As stated earlier, retailers incur considerable costs due to the accumulation of dead stock in their warehouses. First, piles of unsaleable items in the stockroom take up the space that could otherwise be occupied by popular products and missing this opportunity has its own costs. Second, holding expenses related to keeping unsalable items in the warehouses are considerable. Costs including rental of stockrooms or warehouses, insurance of goods, utility bills and providing security for the warehouse and inventory have to be covered by retailers. To manage warehouses which are full of dead stocks retailers need to employ staff and pay them and depending on the scale of the warehouses and the amount of dead stock which is piled inside them their associated expenses may increase. 

How to Avoid Dead Stock?

There is an old saying that goes “prevention is better than cure” which in this context means that retailers better to prevent stockpiling inventory in the warehouses than searching for solutions to get rid of them. The following measures can help you to overcome the issue of dead stocks:

  • Inventory Management Automation

Using automation platforms such as Oderhive, inFlow, Lightspeed Retail, Upserve, Megaventory, etc. wholesalers will be able to generate intelligent reports about their inventory and keep track of unsold and finished goods. The platforms allow them to forecast trends and estimate their customers’ needs precisely. Automating purchase order and reorder points and estimation of required quantity and optimal date dates for purchasing are among other capabilities of the aforementioned systems. In this way businesses can make data driven decisions about their inventory and control it proactively. 

  • Carefully Source the Products

Retailers must take into account important precautions before procurement and only after they are reassured about customers’ demands should they take steps for procurement and stockpiling items in their warehouses. It is also recommended that companies keep in touch with their customers to become aware of their demands and accordingly source the required items.

  • Define worst case scenarios

Sometimes, despite having automated inventory management systems and analysing customers' demands before sourcing stock, things will not go as planned and wholesalers are faced with piles of dead stock in their warehouses. As such, it is recommended that they define worst case scenarios to get rid of obsolete inventory. They can either return the slow selling merchandise, or take other useful measures.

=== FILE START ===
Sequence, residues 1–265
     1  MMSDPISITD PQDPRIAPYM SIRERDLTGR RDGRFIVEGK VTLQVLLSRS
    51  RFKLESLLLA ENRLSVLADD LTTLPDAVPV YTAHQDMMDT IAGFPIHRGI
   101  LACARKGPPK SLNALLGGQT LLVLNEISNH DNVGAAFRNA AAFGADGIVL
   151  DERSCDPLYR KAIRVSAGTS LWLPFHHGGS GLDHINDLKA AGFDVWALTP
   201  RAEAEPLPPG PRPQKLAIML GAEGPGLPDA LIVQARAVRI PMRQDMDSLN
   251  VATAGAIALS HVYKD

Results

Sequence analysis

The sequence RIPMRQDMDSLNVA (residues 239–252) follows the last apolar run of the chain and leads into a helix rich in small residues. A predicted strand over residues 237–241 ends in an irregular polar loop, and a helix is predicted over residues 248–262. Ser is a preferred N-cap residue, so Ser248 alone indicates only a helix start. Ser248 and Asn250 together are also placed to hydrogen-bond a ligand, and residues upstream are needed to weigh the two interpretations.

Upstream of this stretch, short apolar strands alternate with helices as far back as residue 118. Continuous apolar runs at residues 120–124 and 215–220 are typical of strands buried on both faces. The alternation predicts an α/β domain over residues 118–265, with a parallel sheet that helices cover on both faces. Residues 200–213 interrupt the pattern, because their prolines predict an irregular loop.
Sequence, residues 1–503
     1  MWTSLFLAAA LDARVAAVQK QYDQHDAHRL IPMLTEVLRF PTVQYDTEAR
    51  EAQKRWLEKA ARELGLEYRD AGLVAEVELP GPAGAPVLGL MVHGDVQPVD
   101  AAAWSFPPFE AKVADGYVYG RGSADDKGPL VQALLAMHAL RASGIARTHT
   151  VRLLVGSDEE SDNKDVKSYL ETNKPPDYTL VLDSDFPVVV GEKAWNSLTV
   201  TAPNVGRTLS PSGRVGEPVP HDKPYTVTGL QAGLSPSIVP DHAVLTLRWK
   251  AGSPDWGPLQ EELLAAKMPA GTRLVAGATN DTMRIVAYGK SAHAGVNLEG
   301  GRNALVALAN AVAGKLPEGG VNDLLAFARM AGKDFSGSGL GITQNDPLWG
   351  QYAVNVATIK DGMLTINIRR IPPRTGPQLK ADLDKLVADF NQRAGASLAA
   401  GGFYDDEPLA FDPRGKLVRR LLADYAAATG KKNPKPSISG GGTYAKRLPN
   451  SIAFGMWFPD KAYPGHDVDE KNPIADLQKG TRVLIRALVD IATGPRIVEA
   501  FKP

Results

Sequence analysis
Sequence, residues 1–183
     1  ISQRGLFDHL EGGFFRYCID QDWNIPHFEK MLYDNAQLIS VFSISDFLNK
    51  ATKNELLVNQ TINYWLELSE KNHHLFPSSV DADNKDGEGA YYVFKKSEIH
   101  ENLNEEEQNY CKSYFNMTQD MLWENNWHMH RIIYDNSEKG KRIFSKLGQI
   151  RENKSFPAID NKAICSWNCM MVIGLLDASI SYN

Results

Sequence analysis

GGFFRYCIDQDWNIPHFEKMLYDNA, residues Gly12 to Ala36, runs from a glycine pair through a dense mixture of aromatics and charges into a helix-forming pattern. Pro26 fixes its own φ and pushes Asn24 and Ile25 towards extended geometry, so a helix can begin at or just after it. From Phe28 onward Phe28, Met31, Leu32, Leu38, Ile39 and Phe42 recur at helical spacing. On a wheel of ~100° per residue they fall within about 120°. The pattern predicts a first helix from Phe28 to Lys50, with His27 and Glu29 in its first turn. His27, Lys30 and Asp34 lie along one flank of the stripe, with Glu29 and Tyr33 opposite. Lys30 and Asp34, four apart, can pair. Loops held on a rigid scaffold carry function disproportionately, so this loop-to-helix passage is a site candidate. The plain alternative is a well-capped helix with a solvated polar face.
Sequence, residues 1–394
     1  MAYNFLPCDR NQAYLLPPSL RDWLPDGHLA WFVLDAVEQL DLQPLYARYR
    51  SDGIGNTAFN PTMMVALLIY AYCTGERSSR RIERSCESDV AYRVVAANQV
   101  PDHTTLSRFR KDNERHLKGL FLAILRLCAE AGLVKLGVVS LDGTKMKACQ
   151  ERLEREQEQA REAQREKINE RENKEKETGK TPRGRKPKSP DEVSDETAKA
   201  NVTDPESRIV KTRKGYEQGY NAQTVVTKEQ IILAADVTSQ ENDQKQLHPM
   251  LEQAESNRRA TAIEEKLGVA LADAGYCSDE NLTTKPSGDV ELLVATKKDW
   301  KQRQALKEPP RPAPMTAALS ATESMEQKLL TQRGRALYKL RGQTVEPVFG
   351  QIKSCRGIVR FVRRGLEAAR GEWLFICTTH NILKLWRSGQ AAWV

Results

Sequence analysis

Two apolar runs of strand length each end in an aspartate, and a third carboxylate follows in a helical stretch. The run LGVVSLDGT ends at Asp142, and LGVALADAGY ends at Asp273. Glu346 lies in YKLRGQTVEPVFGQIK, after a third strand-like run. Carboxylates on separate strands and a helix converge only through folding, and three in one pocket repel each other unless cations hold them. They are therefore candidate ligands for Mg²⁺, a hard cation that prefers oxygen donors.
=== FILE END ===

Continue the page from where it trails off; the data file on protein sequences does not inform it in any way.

Dead Stock Management

Based on what was said before, despite implementing strategies to avoid dead stock and carefully sourcing the inventory, accumulating dead stock to some extent is inevitable and usually a certain amount of inventory remains unsalable. Following you can find best strategies for managing dead stock:

  • Sell them in bundles

Retailers can sell dead stock together with best selling products as bundles and offer them with a price which is lower than the sum of price for both items. In this way they can get rid of slow selling items and at the same time customers can have the popular item that they need together with an item at a lower price. 

  • Donate them

Retailers can mitigate their losses in ways other than selling them. Of course this option is not related to money making and businesses choose to donate their dead stock for good will. Businesses can request tax write-offs for the donated goods and save a lot of money. 

  • Inventory clearance sale

Retailers can make special offers to sell their dead stock. It is advised that they specify a limited time frame and even offer free delivery or other bonuses for them to prevent heavier damages and to reassure that the items will not get back to their warehouses, retailers can remind the customers that return or exchange is not allowed. 

 

Article By: MaryamSadat Mousavi